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About Hesperian student / (Lincoln [Neb.]) 1872-1885 | View Entire Issue (Feb. 1, 1877)
Tin? LWK AND CllAU.UTF.tt OK TACTm?.
ii literary one, it would have lieena partial
failure. For ho was eminently a 01:111 of!
actions us well as of thoughts. His strong j
positive nature washouud to intluencecvcn
a Koman life, while Ik- wiw handing down 1
iiumorlal words-to ai) posterity. In thishis '
character was rare, for yon seldom (hid Hit-
elements tif a man ot letters and of the !
statesman c-tmhincd in 0110. True, there I
was ho ilivino .Iiihns, bul .lulius was rare
Generally speaking, those two elements !'
character are antagonistic. II y em
body iv Napoleon you must forget ilie
Shakespeare. If you call to mind a
Washington, you must leave oil" the
Irving, Ihil when jou reineniher some
of the closing words of the life of Agrio
ola, forma wentia tvtrrnu, you must
hoar in mind' that in sulmluncc he
also said. "My political dignity was
founded iiy Vespasian, increased hy
Titus, an. 1 further advanced hy Do.
initial)." Mo was Quaestor in 71, Tii-
buno in 81, Praetor in 8.S, and consul suf
fectus in 1)7, A. I).
A third element uWocoult United largely
to his greatness. He was ai. orator. lie
was esteemed as such in a tune when
eloquence abounded, when oratory was
especially aimed at, and in a time when j
the words of Cicero had hardly lost their '
echo in tho Forum. So Pliny remark ;
that "il was the crowning glory of Ins!
predecessor to have had Tacitus to deliver '
his funeral oration." When you would
call to mind Tacitus, then, yon mut re
member him as an essayist and critic, as a
finished orator, as a politician and as a
historian. But it is worthy of remark,
that, as a historian, he was not merely so,
hut hu was preeminently such. What
Uncoil did for leasoning, what Shakes,
pearc did for the drama, what Darwin and
Tyot'iul and Ilu.xley have done for science,
Tacitus long since did for history. For,
says his great follower, Gibbon, "lie was
the fust historian who applied the science
of philosophy to the study of facts." He
has thus been considered the Fathr of
Philosophical Historv. So he was one of .
those great men, who, as Ma can lay says,
ever stand upon the mountain tops and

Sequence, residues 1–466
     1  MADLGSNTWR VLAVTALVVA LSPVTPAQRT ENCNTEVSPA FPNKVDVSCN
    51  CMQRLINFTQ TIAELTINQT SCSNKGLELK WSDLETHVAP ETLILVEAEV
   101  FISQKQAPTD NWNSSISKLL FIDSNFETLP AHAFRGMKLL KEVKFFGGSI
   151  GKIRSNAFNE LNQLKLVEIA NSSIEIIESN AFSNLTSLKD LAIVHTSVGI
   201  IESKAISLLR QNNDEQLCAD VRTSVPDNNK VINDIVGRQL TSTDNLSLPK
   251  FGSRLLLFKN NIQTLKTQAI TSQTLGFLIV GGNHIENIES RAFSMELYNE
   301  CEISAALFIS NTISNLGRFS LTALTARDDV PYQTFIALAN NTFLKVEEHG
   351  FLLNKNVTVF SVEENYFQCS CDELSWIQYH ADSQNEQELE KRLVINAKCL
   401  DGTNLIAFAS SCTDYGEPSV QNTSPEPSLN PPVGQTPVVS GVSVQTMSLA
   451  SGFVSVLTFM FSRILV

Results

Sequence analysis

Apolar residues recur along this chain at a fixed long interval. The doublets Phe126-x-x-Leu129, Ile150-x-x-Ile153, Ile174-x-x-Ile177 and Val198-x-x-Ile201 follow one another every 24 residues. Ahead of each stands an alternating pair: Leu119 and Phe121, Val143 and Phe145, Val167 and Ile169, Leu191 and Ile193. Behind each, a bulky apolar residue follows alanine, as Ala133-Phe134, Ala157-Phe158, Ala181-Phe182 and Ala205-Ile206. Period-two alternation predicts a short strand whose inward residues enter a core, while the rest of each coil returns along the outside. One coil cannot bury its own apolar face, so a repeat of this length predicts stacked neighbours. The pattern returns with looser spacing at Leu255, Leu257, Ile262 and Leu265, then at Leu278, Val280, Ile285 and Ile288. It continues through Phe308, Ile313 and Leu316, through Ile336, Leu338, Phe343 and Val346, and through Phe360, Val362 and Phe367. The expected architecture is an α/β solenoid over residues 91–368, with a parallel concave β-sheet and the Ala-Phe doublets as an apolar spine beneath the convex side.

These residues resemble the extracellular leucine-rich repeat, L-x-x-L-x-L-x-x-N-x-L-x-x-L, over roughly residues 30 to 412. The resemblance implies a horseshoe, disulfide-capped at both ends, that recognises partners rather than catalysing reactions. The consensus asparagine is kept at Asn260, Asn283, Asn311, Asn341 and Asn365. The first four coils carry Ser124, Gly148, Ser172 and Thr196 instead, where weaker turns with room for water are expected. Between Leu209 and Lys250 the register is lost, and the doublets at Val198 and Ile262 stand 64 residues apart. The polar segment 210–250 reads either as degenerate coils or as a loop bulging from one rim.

catch the first rasof sunlight, while far
below tho valleys are dark and shaded.
His sunlight, however, was that which
was received through the early mist of
oarh ewpi'iienee. So he now stands he
fore us a noble, a thinking, a Ituc-mindcd
Koman. !ut we are not inclined to stop
here. There are questions- thai still go
beyond mid ask, What were the leading
characteristics of the inward man? What,
was his secret character ? What w as he to
himself? These questions always come
up when we see one, most especially when
we look upon one so much a Human as.
Tacitus. For those- there is only one an
swot, "Out of tho abundance of the heart
the mouth speaketh," an.' never could
this he said more truly of a mm than of
Tacitus. So il is by his wn:ds- that we
must know htm; and in sliuhiiig his
words we pick up here and there many
beautiful elements of his nature.
First of all, he was patriotic. In the
short treatise on the Germans, in one
place he says, "Who further, saying
nothing of the danger of a rough and tin
known s-ca, would seek Germany, uninvi
ting in its lands, stormy in ;is cliinaie,
sad in its civili.ilion and appearance, un
less it were his native land" This, we
are assured came from the very depths of
liN soul. In Ihi one sentence, because it
so well expresses his own feelings, he
teaches, that, for a man who cherishes his
fatherdamT, there is no sen too wide or
stormy, no danger too gieat, no incon
veniences too grievous, no perils too
enormous. We are assured that it was this
patriotism which prompted him to write.
For Ins sentences burn with it all along.
It was the love of his country, and the
sense of its imminent peril that moved
his spirit to raise his hand and his voice in
its defense. For his philosophic mind
told him if there should not intervene
some radical change in the policy of (hu
government, it must soon go down. With
this great motive ho wrote. And so great
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